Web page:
With that in mind, Chara said during Tuesday’s breakup day that he welcomed a discussion about a contract extension with the Bruins following July 1 as he hopes to continue playing beyond next season. 

“Of course I would,” said Chara, when asked if he’d be interested in an extension this summer. “It’s something where I want to continue to play, and I take a lot of pride in my offseason training and being ready for every season. It’s probably something that management has to think about and make a decision about, but I’ve said many times that I would like to play beyond this contract. 

“I want to still be very effective and still get better and improving while maintaining my game, and adding to my game. It’s a game that’s going extremely fast as we go forward with a lot of skill assets. You have to be able to make those adjustments, and that’s a focus for me going into every season so I can be an effective player.”

Clearly it would need to be under optimal conditions for the Bruins to extend Chara at this point in his career, but a short term contract that pays the aging D-man something in the neighborhood of next season’s cap hit ($4 million) would be palatable for a player that’s easily still a top-4 defenseman in the twilight of his career.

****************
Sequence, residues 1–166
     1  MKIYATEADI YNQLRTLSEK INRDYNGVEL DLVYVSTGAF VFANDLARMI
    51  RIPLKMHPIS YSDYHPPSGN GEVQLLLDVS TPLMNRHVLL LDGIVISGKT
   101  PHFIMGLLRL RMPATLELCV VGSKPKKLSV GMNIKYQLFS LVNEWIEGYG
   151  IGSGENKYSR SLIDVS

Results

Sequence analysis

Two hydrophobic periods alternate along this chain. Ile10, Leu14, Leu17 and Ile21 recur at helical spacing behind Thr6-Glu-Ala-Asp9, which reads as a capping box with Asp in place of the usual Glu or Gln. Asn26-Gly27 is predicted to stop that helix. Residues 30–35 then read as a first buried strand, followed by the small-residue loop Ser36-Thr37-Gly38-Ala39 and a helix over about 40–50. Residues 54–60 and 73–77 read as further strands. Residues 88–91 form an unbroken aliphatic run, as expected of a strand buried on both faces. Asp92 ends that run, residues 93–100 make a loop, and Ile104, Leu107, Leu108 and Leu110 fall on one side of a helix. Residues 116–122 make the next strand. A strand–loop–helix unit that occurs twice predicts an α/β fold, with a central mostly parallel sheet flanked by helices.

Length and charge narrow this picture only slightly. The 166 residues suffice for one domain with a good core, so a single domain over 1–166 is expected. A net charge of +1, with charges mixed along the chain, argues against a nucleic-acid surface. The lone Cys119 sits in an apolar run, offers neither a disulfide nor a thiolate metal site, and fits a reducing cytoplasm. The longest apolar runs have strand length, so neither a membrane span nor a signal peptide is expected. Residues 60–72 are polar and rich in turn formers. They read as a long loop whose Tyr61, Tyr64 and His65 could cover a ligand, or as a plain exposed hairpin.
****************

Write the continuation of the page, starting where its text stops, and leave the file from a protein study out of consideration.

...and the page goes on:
There just shouldn’t be any expectation he’s going to get additional term or be anywhere close to his salary total for this season that was in the $7 million range, and instead it will be a potential contract extension that reflects Chara’s value to the Bruins even if Mother Nature is starting to slow him down a little bit. 

Chara’s skating game certainly has slowed for a 6-foot-9 defenseman that never counted skating as a real strength, and you don’t ever see him wind up and blast away full strength with that 108-mph slap shot that was featured in so many All-Star Game Skills Competitions over the years. But he can also still be a shutdown guy, a dominant penalty killer and an intimidating presence in the defensive zone that causes every offensive player to take pause when he’s out there. 

Even if Chara eventually becomes a middle-pairing defenseman over the course of the next couple of seasons, the Bruins could still use his presence on and off-the-ice as a defensive stopper and a mentor to all the young D-men in the organization. So it may be that the Bruins are just as interested as their 40-year-old captain in extending things another year or two with so much roster turnover toward youth expected on the B’s back end over the next few seasons.